food

Over ridiculous "detox" cleanses? This one might interest you: It involves cake.

Schipper came up with the idea to stop relying on processed foods. Image: Supplied.

The word ‘cleanse’ is usually associated with juice replacements or ridiculous measures that are not only hard to keep up but also deprive you of everything solid, and well, delicious.

Which is probably why everyone is getting so excited about the Cake Cleanse. Yes, there’s a nutrition program that actually encourages you to eat cake. Be still our beating hearts… and rumbling tummies.

Unfortunately, the cleanse doesn’t consist of cake for every single meal (we know, it’s disappointing). Alongside savoury main meals, the cleanse aims to give your favourite cakes a healthy makeover, without losing any of the flavour.

Created by Sydney-based (and self-confessed sweet lover) Deborah Schipper, the idea came as a way to eat healthily without giving up treats.

“I suffered from severe eczema on my face and body and seborrheic dermatitis on my scalp. I was incredibly fatigued and relied on processed treats to keep me going. I realised my diet could be improved but when I looked into detoxes or juice cleanses felt this was not a sustainable way to improve my health,” she says.

Schipper came up with the idea to stop relying on processed foods. Image: Supplied.
ADVERTISEMENT
The secret behind the Cake Cleanse comes from replacing the unhealthier ingredients such as white refined flour and sugar with wholefood ingredients packed with essential vitamins, minerals, proteins to strengthen, carbs to energise and fibre to fill.
Cacao, coconut flour, dates and stevia are common ingredients in the Cake Cleanse and the whole process involves a four week program with meal plans for breakfast, lunch, dinner and snacks. Plus, there's a Recipe eBook designed for using during and after the cleanse.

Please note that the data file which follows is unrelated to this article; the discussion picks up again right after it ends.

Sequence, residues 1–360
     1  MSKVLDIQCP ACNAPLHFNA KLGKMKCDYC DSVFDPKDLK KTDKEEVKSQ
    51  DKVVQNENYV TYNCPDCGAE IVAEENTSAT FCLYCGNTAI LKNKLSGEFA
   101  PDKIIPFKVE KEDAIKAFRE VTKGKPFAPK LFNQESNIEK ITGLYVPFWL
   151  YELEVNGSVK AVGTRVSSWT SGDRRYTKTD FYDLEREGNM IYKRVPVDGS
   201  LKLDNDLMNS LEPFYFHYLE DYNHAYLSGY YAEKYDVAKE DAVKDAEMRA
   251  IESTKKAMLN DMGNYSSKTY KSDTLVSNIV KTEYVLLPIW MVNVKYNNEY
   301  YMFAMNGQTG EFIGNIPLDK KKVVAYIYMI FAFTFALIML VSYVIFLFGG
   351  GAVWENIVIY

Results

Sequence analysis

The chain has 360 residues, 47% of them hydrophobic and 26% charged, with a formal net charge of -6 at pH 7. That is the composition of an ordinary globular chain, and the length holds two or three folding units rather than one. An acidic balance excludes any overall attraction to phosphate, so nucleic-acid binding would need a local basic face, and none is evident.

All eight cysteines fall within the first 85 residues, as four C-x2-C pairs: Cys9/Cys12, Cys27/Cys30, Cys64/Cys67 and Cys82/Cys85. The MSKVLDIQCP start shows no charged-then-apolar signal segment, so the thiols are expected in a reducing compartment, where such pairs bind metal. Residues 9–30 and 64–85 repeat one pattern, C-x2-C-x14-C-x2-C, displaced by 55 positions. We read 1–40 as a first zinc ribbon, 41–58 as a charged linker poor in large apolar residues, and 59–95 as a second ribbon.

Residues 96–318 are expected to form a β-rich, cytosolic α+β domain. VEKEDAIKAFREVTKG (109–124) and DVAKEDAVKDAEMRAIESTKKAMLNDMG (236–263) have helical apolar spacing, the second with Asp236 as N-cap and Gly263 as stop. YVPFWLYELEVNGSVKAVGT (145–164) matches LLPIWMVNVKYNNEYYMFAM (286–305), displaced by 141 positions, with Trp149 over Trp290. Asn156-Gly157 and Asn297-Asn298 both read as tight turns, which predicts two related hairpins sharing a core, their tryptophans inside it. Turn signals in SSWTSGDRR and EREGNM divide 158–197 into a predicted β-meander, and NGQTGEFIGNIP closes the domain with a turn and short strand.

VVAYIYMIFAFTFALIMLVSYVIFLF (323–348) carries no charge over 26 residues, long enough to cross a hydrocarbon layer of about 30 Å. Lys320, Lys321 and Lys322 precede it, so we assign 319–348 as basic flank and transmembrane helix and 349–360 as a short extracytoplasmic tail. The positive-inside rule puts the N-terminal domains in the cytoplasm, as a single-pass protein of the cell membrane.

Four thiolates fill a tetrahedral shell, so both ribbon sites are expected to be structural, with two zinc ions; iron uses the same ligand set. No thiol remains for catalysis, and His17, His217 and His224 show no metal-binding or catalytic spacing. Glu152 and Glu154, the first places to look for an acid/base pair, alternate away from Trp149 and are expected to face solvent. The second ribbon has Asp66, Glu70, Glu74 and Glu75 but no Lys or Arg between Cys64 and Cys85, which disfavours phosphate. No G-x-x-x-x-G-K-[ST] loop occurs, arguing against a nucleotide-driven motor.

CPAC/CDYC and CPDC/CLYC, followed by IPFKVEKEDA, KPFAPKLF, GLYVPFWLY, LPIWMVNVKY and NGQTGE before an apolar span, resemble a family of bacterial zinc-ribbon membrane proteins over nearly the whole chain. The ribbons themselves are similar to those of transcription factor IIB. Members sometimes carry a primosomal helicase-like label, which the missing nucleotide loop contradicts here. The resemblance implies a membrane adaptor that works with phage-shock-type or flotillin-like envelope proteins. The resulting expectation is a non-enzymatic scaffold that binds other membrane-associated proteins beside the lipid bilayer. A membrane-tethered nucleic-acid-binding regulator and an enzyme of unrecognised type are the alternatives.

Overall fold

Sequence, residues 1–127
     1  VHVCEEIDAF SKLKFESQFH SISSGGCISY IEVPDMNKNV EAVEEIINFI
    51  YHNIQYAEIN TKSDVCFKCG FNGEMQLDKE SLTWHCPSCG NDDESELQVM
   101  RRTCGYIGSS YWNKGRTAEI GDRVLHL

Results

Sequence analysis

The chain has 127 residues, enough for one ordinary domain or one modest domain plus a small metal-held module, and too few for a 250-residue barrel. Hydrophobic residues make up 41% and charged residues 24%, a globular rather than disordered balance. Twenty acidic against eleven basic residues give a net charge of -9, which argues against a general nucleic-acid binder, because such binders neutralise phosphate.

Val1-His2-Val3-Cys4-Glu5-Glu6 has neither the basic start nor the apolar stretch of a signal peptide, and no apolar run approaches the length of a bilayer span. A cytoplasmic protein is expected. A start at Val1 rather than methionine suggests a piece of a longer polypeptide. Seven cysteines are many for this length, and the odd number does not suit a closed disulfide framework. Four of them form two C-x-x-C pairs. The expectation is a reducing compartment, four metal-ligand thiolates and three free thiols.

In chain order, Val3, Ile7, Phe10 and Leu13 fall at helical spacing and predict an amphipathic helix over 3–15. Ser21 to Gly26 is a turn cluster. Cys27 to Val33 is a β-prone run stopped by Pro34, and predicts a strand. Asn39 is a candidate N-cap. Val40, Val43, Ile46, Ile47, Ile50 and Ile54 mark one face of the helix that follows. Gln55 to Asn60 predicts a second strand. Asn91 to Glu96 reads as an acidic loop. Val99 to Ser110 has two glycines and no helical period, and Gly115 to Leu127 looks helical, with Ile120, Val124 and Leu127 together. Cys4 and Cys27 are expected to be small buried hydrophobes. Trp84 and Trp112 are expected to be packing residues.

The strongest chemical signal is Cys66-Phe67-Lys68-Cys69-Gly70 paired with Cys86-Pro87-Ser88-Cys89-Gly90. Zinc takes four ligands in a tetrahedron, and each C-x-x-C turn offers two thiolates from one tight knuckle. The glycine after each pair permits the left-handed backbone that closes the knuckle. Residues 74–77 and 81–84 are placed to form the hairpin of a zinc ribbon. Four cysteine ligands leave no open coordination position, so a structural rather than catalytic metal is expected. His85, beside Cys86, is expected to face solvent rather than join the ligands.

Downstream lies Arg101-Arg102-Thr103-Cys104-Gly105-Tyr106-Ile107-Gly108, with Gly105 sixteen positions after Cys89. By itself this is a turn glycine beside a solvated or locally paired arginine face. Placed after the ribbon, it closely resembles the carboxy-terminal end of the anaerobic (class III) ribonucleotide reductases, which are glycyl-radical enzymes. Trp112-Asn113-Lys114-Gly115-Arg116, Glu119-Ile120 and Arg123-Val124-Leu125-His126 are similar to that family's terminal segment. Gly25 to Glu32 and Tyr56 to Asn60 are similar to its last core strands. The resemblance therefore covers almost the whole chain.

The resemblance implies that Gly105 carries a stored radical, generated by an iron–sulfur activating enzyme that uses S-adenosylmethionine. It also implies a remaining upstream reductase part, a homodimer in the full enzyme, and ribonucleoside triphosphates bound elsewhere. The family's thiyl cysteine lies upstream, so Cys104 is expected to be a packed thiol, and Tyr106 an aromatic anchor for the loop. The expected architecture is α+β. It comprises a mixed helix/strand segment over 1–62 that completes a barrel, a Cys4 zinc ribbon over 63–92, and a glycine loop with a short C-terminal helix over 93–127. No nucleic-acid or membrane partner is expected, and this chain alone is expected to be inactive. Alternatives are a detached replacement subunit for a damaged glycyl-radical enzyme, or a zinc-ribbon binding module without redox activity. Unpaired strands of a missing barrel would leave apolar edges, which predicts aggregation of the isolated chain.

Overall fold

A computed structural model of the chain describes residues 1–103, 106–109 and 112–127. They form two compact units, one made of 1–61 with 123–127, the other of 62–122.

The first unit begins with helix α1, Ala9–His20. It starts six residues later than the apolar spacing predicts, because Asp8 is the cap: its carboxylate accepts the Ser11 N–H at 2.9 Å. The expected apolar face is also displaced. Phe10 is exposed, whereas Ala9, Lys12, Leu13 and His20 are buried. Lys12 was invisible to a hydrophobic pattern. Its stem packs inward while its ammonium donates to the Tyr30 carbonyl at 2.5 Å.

If you want to ease in slowly, Schipper recommends replacing sweet snacks you crave with a Cake Cleanse treat. (Post continues after gallery.)

"If it's a chocolate bar for example, make the No Bake Choc Cake Bar and notice the difference in energy levels." she says.

So is it too good to be true?

While the cleanse comes with Sydney nutritionist Jennifer May's stamp of approval, nutritionist Susie Burrell says you still have to take care not to get carried away.

"While the best diet is always one that is sustainable, evidence suggests that the more we consume sweet treat style foods, the more we crave them. Once you are also baking this much, chances are you are going to consume a lot more than just the allocated serve each day," she says.

She recommends adopting an approach that includes portion controlled 100 to 200 calorie sweet but nutritious foods such as Greek yoghurt, fruit and nuts, and dark chocolate, leaving the cakes and brownies for special occasions.

It's these kind of ingredients that feature heavily in the Cake Cleanse.

"I deliberately designed Cake Cleanse treats to be low in sugar with a subtle sweetness. All of the treats are nutrient dense, which means they leave you satisfied and not craving empty calorie sweets. There are healthy solutions for temptation on this diet and because the food is full of fibre, protein and good fats you are less likely to overeat," explains Schipper.

Like all things, it's all about moderation. A healthy twist on sweet treats like the Cake Cleanse is great way to cut out processed foods, but that doesn't mean you can eat endless amounts of it. Being healthy is about balance and not depriving yourselves of things that you like, so if you want to eat the 'real' thing, do that too. Without guilt.

Would you try the Cake Cleanse?